Poly(Ethylene Glycol) (PEG) molecular weight, concentration, and exposure time effects on its surface properties : hydrophobicity and mechanical stiffness

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Poly(Ethylene Glycol) (PEG) molecular weight, concentration, and exposure time effects on its surface properties : hydrophobicity and mechanical stiffness


Author: Ng, Kenny
Title: Poly(Ethylene Glycol) (PEG) molecular weight, concentration, and exposure time effects on its surface properties : hydrophobicity and mechanical stiffness
Degree: M.Sc.
Year: 2012
Subject: Polyethylene glycol.
Hong Kong Polytechnic University -- Dissertations
Department: Dept. of Health Technology and Informatics
Pages: x, 50 leaves : ill. (some col.) ; 30 cm.
Language: English
InnoPac Record: http://library.polyu.edu.hk/record=b2520214
URI: http://theses.lib.polyu.edu.hk/handle/200/6558
Abstract: The material of interest in this study is the highly versatile polymer, poly(ethylene glycol) (PEG). For a material to be utilized in a specific biomedical application, it would primarily depend on its traits (physical/mechanical or chemical), whether they can fulfill the needs of the operation. Among the many polymers available, there are definitely some that are more popular and capable than others, as their identities are established by their properties. As the most commonly used polymer within the biomedical industry, PEG's structure has given it an arsenal of unique features like high hydrophilicity / water content, high biocompatibility, high solubility, high protein rejection, high integration ability, lack of toxicity, and much more. In addition, its versatility is widely accepted due to the fact that most of these elements are tunable. However, the chemical fabrication parameters (combination of molecular weight and concentration) and also the physical parameters (sample's exposure time to the UV source, the intensity of the UV source, and the distance between them) that determine the outcome of PEG's qualities can be better understood. By improving comprehension of PEG's manufacturing process, the task of designing PEG for a specific task requiring specific properties can be facilitated more efficiently and with greater precision. The purpose of this study was to fabricate PEG with different molecular weights (526, 700 and 3400 daltons primarily) and at different concentrations (5 to 30% in intervals of 5) in an attempt to define their relationships relating its surface properties, which are composed of mechanical stiffness and hydrophobicity. PEG surface properties characterization was performed by measuring Young's modulus by the Instron apparatus, water contact angle by Ramehart goniometer, and by implementing a comparative analysis between PEG and polydimethylsiloxane (PDMS) results. This study also strived to overcome the challenge of synthesis and evaluation of PEG using inexpensive, yet simple techniques and machinery. Instead of employing chemical agents for PEG fabrication, UV polymerization will be implemented due to its ability to yield quick polymerization times and better bonding.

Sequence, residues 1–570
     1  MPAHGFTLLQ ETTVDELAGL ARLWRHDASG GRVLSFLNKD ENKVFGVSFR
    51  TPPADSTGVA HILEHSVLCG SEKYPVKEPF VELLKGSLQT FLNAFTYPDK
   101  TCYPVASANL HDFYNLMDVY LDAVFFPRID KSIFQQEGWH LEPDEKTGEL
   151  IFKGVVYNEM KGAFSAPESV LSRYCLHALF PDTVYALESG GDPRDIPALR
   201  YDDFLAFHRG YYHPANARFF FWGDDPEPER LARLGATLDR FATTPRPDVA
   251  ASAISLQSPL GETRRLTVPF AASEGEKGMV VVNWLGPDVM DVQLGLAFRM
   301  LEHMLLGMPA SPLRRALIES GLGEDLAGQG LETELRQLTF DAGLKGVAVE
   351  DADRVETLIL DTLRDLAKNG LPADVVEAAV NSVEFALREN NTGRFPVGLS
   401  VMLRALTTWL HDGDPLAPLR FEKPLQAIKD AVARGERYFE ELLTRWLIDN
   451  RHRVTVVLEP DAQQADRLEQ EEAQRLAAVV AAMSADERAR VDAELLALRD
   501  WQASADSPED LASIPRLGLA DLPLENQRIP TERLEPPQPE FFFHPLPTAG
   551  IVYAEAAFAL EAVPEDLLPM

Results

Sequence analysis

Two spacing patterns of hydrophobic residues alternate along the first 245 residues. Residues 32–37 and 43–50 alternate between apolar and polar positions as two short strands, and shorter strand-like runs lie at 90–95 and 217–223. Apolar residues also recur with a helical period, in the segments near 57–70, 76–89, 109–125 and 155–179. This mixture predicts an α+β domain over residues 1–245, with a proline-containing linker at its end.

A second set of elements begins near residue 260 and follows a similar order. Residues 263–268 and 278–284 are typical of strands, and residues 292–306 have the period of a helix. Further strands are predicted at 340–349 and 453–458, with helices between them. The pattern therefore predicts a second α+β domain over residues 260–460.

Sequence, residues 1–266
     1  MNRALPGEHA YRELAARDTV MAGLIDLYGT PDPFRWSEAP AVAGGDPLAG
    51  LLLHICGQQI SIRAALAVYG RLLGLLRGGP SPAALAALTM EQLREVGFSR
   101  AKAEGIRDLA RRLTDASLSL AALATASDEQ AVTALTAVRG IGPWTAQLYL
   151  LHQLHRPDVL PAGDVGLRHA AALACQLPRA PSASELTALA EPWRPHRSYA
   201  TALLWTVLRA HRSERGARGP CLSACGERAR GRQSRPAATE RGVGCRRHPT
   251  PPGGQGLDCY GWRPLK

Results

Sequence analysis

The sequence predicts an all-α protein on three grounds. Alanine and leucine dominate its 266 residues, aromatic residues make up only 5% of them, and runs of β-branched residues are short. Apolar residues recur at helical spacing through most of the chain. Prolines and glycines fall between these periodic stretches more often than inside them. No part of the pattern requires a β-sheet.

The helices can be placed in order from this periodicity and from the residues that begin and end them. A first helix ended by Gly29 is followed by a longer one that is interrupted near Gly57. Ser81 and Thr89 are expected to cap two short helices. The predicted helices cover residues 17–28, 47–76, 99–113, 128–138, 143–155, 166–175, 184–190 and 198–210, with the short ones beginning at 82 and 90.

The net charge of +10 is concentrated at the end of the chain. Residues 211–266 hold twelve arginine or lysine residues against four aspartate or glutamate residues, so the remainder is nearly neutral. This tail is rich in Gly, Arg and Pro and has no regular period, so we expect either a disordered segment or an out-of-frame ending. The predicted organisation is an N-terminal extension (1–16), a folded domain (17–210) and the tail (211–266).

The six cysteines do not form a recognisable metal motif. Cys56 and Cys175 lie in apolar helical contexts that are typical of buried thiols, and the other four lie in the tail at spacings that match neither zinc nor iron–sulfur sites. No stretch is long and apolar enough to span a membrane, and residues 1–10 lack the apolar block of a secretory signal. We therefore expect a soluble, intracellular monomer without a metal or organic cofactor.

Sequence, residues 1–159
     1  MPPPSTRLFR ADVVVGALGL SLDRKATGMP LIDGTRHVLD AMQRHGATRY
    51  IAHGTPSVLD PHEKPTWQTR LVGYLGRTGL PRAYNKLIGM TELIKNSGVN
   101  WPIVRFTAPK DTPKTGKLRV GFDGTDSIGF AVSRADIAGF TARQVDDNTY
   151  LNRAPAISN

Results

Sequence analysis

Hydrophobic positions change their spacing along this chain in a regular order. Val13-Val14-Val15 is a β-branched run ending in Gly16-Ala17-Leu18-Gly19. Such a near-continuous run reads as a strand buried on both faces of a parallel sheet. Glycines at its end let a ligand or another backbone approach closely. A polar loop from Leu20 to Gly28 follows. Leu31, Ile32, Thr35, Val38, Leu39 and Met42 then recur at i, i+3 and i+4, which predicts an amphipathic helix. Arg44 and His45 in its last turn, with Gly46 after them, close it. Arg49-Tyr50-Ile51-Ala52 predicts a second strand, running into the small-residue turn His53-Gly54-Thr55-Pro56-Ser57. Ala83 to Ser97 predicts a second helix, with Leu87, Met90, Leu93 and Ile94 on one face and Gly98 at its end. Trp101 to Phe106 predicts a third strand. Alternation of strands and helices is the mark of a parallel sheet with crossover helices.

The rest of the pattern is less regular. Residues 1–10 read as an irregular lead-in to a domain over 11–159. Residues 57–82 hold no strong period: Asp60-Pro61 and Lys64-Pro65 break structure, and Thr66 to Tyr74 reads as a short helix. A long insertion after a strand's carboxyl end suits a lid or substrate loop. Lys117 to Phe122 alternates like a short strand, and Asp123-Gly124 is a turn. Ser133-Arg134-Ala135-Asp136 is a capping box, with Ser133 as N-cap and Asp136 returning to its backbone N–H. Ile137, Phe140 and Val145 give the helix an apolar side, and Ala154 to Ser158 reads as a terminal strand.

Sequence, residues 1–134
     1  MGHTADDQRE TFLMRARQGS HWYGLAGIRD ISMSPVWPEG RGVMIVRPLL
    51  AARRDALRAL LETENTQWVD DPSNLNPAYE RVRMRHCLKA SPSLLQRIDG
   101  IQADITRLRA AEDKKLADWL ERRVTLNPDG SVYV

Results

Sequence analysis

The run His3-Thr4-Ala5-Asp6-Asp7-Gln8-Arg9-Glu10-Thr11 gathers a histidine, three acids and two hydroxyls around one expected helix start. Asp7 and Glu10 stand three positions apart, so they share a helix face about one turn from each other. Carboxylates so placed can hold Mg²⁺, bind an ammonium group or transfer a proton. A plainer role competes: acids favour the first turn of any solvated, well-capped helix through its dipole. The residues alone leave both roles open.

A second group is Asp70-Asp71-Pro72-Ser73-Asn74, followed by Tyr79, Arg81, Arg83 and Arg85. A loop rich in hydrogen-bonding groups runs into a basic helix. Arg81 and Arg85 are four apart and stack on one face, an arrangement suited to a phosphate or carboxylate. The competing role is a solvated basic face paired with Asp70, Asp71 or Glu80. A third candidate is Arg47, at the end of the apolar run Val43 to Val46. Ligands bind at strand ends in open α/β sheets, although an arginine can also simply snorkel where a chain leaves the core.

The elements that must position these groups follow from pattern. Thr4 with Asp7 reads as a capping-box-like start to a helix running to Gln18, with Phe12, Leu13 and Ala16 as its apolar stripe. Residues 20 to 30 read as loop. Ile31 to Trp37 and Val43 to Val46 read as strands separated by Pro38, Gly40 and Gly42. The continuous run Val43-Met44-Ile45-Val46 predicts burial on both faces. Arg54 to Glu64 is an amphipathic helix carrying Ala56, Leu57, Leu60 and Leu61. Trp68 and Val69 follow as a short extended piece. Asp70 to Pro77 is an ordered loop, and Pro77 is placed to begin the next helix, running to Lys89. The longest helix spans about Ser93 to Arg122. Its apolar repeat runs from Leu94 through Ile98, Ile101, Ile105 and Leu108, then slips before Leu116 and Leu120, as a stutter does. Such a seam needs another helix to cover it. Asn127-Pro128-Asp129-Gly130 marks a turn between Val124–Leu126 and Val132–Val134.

The results (all of which are independent samples) of this study indicate that each molecular weight of PEG requires a unique set of physical fabrication parameters. There is also no mechanical stiffness relationship across the different molecular weights (at least not between PEG MW 526, 700 and 3400). On the other hand, as PEG concentration increases within a set of PEG samples with the same molecular weight, hydrophobicity and mechanical stiffness increases. The peculiar finding regarding molecular weight and concentration was that, fabrication of PEG samples with molecular weight 526 and lower and concentrations of 15% and lower are extremely difficult. Just as there is a need for biomedical materials to have specific properties for an application, results demonstrate that there is also a need for an ideal molecular weight and concentration to fulfill that demand, depicted by the non-overlapping values of this study. This study was conducted in hopes of instigating new PEG research regarding molecular weights and concentration effects on the final products' properties. Ultimately, the findings proposed in this thesis may provide a general understanding of the mechanical stiffness or hydrophobicity properties to be expected under similar synthesis parameters, saving time and resources.

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